At the announcement of the winner of a newspaper's contest, singer Russ Columbo finds he has a double. He hires the double to take his place at personal appearances where he would not be ... See full summary »
At the announcement of the winner of a newspaper's contest, singer Russ Columbo finds he has a double. He hires the double to take his place at personal appearances where he would not be required to sing. Complications develop when Columbo is hired for a society party. When his double sees a picture of the woman who will be hosting the party, he goes in Columbo's place. Written by
David Glagovsky <firstname.lastname@example.org>
That Goes Double was the one short subject that Russ Columbo did in his tragically brief career. This was certainly unlike his crooning rival Bing Crosby who did a bunch of them for Mack Sennett as kind of a warm up for his Paramount feature films.
The film does not have Mack Sennett's genius for comedy, but as an example of Columbo's singing you won't due better and it has a few moments. Columbo plays a dual part, himself and some office clerk who looks like him and resents it.
Until he finds he can make a bit of money taking some of the slack off the demands of personal appearances that the star he resembles has to make. But sad to say the double was not blessed with Russ's singing voice. That's not something he could fake though he tries.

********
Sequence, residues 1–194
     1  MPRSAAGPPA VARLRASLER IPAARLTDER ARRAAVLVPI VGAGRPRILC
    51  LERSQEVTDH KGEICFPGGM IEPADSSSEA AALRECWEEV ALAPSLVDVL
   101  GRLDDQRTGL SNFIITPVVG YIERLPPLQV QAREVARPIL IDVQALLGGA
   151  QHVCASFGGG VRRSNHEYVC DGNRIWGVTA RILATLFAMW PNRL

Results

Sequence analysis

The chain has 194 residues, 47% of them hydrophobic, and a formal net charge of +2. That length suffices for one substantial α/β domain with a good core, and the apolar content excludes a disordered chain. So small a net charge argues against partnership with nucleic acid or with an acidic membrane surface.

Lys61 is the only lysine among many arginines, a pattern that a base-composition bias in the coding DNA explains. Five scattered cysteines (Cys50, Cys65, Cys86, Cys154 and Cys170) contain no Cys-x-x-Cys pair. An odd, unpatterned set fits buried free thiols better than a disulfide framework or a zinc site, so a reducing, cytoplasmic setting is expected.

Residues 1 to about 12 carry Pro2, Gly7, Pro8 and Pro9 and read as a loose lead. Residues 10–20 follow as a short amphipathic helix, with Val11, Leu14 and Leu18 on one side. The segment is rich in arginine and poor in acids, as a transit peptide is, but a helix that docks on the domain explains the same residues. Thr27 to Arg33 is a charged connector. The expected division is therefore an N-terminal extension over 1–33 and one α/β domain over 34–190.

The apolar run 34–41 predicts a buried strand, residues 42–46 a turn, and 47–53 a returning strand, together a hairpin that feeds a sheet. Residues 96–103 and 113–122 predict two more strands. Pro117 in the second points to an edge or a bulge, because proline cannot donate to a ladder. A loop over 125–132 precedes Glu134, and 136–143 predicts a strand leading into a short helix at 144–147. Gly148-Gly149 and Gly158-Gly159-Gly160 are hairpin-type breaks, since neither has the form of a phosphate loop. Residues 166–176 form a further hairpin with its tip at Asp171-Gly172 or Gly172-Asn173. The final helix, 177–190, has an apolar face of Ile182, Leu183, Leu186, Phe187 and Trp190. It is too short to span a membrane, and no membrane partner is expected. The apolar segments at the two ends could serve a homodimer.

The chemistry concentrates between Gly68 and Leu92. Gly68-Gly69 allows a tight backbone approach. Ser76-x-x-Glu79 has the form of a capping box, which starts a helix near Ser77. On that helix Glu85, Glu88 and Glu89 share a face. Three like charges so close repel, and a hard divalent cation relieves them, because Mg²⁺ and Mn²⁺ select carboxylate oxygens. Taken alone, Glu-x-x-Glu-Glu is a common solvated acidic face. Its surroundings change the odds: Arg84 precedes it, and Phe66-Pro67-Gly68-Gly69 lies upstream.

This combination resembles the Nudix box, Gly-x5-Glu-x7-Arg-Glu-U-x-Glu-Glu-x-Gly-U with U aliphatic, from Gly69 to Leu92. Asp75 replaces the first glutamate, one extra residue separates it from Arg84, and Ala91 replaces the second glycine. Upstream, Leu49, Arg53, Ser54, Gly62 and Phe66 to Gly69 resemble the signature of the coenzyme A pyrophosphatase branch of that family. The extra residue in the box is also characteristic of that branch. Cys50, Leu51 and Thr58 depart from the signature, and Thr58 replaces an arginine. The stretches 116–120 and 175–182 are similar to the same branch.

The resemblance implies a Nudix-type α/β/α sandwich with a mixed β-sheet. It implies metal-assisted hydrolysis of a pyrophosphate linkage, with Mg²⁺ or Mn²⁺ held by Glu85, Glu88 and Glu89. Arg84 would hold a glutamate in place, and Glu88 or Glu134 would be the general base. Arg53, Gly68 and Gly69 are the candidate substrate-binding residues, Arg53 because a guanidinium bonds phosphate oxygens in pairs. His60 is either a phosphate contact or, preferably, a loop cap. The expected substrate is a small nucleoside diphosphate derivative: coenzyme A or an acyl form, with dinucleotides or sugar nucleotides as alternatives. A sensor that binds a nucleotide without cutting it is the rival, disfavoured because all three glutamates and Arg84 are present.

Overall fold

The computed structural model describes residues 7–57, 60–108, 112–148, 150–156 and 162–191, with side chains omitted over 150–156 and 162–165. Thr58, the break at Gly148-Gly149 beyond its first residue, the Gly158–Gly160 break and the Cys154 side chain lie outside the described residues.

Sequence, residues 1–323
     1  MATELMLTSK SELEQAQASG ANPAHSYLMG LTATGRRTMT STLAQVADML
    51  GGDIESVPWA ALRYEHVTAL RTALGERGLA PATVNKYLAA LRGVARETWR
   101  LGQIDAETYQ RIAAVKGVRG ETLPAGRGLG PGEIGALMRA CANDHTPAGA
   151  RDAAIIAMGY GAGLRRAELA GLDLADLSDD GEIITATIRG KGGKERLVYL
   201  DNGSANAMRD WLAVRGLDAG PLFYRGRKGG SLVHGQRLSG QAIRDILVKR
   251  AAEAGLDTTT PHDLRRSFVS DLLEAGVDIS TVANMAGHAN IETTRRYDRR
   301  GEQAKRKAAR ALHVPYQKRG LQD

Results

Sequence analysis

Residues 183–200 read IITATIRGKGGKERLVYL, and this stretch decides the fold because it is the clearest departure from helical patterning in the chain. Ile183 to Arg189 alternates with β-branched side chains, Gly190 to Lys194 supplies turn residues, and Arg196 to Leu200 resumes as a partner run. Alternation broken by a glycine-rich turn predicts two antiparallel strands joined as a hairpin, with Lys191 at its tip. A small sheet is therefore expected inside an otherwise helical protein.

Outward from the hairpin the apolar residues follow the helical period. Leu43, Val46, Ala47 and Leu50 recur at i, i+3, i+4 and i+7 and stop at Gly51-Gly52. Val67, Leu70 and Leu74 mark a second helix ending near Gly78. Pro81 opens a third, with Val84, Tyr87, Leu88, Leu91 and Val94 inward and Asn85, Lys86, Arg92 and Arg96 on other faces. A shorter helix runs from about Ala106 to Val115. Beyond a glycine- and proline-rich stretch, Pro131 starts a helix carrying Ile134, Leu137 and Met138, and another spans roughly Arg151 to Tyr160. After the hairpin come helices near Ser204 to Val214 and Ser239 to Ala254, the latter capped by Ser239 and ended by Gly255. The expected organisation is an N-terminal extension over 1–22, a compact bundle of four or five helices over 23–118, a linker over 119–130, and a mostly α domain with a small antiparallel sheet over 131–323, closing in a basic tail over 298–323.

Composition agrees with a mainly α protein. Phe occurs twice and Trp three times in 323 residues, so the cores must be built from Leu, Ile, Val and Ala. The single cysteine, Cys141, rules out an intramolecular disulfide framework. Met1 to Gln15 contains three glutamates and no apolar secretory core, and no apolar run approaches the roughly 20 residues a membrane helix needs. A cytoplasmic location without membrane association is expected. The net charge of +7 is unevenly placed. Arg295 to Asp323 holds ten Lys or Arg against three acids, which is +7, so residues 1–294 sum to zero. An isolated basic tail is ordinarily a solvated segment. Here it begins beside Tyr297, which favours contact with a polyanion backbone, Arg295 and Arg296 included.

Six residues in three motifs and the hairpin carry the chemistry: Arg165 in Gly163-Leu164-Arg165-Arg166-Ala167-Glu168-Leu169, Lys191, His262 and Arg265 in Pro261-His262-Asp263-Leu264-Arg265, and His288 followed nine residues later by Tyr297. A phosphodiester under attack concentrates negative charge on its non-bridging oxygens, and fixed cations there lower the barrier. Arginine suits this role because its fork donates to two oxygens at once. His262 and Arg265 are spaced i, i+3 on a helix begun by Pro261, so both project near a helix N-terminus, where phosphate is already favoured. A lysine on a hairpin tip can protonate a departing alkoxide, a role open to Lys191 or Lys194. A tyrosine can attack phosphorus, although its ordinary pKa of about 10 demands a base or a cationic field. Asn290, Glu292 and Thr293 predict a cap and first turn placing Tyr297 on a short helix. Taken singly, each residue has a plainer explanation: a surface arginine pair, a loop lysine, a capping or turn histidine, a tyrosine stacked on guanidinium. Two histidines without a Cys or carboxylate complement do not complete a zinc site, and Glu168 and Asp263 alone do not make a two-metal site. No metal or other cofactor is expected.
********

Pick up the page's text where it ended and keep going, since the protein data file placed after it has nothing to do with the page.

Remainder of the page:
Part of the plot involves Charlotte Wynters, society girl going to talent agent David Burns wanting to do a show and Burns will provide the acts. But the show is centered around Russ Columbo, so no Russ , no show. Burns also shows her some other acts he represents like ukulele player Roy Smeck who gets some great sounds out of the ukulele playing it like a banjo.
Burns is interesting as well, playing an agent that could have been the grandfather of Woody Allen's Broadway Danny Rose. This was David Burns's second film appearance in his career which was mostly on stage.
Russ Columbo gets to sing three of his most popular songs from his short career, My Love, Prisoner Of Love and his radio theme You Call It Madness. Getting a visual record of this was something good.
A few years ago Pat Boone hosted a show about great singers of the 20th century and Columbo was the only one who was only represented by a phonograph record. Pat obviously didn't do his research well because this short was available as well as many Columbo appearances in feature films. And this short has his best known songs.
Reason enough to watch That Goes Double.
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